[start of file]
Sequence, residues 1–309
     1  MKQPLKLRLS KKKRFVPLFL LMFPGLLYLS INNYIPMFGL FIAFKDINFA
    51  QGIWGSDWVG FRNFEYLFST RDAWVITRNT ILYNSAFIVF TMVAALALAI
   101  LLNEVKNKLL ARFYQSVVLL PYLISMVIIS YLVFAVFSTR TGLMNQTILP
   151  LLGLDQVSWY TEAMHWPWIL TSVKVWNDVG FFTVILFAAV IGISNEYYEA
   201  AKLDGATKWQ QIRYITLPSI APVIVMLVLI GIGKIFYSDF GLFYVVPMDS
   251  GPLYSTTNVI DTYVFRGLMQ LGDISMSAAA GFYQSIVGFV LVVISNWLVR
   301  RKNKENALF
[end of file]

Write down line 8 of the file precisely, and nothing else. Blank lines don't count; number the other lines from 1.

   301  RKNKENALF